Today the Commonwealth capitol city took a major step in support of SB 735/HB 1577, legislation that would update the state’s non-discrimination laws to protect transgender Bay Staters in public places.
In a unanimous vote the Boston City Council passed a resolution calling on state legislators to pass SB 735/HB 1577 and affirm the common human dignity and rights of transgender people.
The resolution also undercuts the arguments of bill opponents, who have been peddling misinformation about who transgender people are in efforts to scare lawmakers out of passing the important civil rights bill.
Our own campaign manager, Carly Burton, says Massachusetts could stand to take a lesson from Boston:
Having the support of the Boston City Council sends a powerful message to any doubters that these types of protections work. Boston has had protections in place for 14 years and the sky has not fallen. In fact, the safety and well-being of all residents has been improved.
17 states and 200+ cities—including Boston and more than a dozen other municipalities across Massachusetts—have passed transgender-inclusive comprehensive non-discrimination laws to great success.
Massachusetts passed a statewide law prohibiting discrimination in employment and housing on the basis of sexual orientation and gender identity in 2011, but excluded protections for transgender people in public accommodations. Lesbian, gay and bisexual Bay Staters are fully protected everywhere.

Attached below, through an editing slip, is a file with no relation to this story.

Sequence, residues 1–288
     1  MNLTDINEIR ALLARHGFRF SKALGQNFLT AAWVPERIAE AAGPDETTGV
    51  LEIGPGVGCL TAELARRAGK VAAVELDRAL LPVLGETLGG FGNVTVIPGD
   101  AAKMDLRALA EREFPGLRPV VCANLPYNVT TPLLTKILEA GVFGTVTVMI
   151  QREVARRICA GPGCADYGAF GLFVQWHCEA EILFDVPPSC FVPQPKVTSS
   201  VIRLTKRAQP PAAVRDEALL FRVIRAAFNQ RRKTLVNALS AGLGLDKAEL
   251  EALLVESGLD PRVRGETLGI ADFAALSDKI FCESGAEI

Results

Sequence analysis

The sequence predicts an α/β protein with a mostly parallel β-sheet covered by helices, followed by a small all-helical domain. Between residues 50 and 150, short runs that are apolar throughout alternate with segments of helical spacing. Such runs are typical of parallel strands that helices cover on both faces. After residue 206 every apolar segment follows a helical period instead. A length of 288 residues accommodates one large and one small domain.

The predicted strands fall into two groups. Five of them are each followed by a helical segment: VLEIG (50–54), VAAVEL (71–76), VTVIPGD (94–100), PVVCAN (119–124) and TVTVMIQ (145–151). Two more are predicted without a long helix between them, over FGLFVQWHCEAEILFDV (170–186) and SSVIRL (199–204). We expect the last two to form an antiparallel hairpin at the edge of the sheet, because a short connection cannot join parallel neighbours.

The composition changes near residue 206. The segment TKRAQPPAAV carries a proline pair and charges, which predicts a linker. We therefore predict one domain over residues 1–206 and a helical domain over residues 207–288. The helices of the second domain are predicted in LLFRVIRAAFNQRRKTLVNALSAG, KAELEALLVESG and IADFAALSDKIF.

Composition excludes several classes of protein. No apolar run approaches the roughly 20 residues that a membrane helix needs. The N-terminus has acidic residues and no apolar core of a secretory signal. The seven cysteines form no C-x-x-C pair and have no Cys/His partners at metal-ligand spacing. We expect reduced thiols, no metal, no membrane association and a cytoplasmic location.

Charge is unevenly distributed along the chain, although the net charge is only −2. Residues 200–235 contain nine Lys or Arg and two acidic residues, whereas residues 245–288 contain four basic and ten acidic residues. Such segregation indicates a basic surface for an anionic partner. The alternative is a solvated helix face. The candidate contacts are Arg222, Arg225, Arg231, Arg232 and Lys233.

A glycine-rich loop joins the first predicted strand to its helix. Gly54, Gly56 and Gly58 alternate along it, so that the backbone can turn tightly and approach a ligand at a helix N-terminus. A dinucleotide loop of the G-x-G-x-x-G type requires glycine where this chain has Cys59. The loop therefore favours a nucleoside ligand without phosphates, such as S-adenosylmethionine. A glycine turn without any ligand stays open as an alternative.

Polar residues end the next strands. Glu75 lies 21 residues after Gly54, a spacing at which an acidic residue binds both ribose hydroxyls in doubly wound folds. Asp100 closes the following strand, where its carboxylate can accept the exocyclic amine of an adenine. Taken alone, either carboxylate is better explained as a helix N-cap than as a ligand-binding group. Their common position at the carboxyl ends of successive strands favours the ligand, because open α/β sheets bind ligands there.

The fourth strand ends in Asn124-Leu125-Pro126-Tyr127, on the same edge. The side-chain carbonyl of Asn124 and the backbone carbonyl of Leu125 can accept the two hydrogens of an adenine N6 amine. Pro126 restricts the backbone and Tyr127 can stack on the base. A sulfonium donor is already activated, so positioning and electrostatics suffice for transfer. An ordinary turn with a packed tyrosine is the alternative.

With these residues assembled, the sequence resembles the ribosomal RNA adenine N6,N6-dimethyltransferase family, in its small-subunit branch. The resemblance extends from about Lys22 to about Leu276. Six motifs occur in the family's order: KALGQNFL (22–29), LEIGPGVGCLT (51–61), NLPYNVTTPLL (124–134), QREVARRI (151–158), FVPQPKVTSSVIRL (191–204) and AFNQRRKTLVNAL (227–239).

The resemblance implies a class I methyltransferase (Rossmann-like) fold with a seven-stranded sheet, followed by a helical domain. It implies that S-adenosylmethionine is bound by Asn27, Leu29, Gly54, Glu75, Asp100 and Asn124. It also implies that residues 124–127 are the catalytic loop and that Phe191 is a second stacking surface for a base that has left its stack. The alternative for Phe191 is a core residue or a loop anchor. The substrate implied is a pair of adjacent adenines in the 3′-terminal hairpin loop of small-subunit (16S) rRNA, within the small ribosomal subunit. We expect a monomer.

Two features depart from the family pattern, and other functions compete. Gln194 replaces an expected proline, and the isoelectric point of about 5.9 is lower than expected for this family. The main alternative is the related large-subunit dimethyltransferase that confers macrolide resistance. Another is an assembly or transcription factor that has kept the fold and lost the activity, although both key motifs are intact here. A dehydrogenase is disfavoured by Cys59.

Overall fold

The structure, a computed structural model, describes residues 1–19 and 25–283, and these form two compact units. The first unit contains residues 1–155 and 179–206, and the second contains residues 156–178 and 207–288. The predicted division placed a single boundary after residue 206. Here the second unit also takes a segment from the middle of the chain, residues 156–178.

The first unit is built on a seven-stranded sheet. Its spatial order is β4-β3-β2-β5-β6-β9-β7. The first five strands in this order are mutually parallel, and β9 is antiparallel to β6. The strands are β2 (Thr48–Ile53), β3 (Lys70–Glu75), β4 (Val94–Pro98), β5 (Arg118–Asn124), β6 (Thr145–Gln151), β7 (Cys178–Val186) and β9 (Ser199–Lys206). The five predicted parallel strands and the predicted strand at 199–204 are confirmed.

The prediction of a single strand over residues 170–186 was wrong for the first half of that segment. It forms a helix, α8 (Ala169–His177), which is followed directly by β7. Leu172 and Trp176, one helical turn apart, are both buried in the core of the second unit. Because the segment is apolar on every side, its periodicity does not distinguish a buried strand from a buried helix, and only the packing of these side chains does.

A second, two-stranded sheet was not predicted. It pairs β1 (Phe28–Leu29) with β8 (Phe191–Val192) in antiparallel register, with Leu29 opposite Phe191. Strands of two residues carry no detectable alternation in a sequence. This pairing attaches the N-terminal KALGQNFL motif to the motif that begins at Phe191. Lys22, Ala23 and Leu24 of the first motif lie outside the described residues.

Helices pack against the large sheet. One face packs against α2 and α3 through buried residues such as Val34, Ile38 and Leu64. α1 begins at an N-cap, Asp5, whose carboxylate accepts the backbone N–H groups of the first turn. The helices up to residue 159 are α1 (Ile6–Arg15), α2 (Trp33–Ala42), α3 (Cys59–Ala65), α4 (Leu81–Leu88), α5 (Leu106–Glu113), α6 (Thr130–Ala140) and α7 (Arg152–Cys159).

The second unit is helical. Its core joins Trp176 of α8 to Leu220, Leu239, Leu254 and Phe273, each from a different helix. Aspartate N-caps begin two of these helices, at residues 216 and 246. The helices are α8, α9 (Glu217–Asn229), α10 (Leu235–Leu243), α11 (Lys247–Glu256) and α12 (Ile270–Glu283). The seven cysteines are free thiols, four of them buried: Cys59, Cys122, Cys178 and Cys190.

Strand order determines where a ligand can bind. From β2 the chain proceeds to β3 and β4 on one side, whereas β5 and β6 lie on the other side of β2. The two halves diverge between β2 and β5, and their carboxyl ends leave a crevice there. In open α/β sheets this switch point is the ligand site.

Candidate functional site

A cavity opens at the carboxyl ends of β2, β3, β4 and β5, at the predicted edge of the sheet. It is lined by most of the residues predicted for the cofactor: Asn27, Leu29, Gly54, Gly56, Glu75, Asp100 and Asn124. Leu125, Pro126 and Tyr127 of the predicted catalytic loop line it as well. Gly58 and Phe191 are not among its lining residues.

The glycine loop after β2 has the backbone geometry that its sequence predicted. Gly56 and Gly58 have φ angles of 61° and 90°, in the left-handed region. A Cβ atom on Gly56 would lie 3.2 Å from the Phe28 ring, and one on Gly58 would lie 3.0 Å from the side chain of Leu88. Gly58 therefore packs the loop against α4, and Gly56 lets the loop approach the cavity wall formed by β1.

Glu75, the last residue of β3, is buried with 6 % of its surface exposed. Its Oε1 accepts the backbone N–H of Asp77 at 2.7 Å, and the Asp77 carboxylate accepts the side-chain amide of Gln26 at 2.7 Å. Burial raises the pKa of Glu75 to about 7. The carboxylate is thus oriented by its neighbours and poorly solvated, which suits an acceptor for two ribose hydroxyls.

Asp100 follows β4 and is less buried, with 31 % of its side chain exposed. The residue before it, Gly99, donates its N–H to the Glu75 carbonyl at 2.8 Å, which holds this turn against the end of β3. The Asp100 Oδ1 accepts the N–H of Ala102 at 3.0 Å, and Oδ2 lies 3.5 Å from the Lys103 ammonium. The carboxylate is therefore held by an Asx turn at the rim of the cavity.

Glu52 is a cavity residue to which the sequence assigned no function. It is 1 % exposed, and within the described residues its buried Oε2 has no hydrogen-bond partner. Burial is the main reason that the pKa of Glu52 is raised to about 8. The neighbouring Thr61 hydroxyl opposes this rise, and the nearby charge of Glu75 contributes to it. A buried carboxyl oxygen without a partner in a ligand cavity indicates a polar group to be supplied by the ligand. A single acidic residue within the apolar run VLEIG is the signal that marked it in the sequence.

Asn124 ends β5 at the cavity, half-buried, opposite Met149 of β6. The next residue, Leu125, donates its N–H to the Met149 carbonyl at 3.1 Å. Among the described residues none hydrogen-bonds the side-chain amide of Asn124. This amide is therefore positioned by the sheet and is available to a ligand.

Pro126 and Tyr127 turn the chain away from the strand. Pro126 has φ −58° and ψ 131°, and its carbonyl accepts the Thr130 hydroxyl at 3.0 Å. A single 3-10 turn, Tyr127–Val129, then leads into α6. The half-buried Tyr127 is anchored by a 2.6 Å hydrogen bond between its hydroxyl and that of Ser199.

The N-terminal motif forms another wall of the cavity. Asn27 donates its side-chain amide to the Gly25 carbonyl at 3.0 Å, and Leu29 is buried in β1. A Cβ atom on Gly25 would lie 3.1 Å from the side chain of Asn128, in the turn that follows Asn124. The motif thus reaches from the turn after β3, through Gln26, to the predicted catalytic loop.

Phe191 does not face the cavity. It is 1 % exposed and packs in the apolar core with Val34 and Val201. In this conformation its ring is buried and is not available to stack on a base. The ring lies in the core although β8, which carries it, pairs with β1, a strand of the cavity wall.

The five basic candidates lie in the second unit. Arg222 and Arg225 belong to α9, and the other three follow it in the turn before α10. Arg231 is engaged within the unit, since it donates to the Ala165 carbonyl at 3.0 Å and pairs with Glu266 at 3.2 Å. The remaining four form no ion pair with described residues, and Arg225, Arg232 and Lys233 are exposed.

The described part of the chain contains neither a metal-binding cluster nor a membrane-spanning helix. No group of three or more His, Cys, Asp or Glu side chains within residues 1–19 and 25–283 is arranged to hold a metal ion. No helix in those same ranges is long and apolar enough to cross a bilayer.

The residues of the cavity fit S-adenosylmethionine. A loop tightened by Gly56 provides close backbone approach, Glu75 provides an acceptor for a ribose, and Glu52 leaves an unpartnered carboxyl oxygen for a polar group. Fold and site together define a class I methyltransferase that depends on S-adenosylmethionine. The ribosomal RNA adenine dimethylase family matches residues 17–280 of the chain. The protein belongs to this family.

The Boston Resolution is just the latest indication that public support for SB 735/HB 1577 is stronger than ever and steadily growing. A 12-person Mayors for Freedom coalition endorsed the legislation months ago. Major law enforcement agencies have also thrown their weight behind the bill.
This vote of support coupled with endorsements from leading education associations and major women’s rights organizations signals that this bill poses no threat whatsoever to public safety. In fact, it serves to augment the privacy and safety of transgender Bay Staters.
A 2011 study showed that 58% of transgender people in Massachusetts have been harassed in a place of public accommodation, including restaurants, shopping malls, doctors offices, hotels, etc. This population is 84% more likely to experience adverse physical effects and 99% more likely to experience emotional effects—like frustration, anger and sadness, according to a 2014 study.
Until Massachusetts lawmakers vote to pass SB 735/HB 1577, transgender Bay Staters will continue to live under daily threat of discrimination and harm in public places. Click here to rush a message endorsing this critically needed civil rights legislation and urging a swift vote.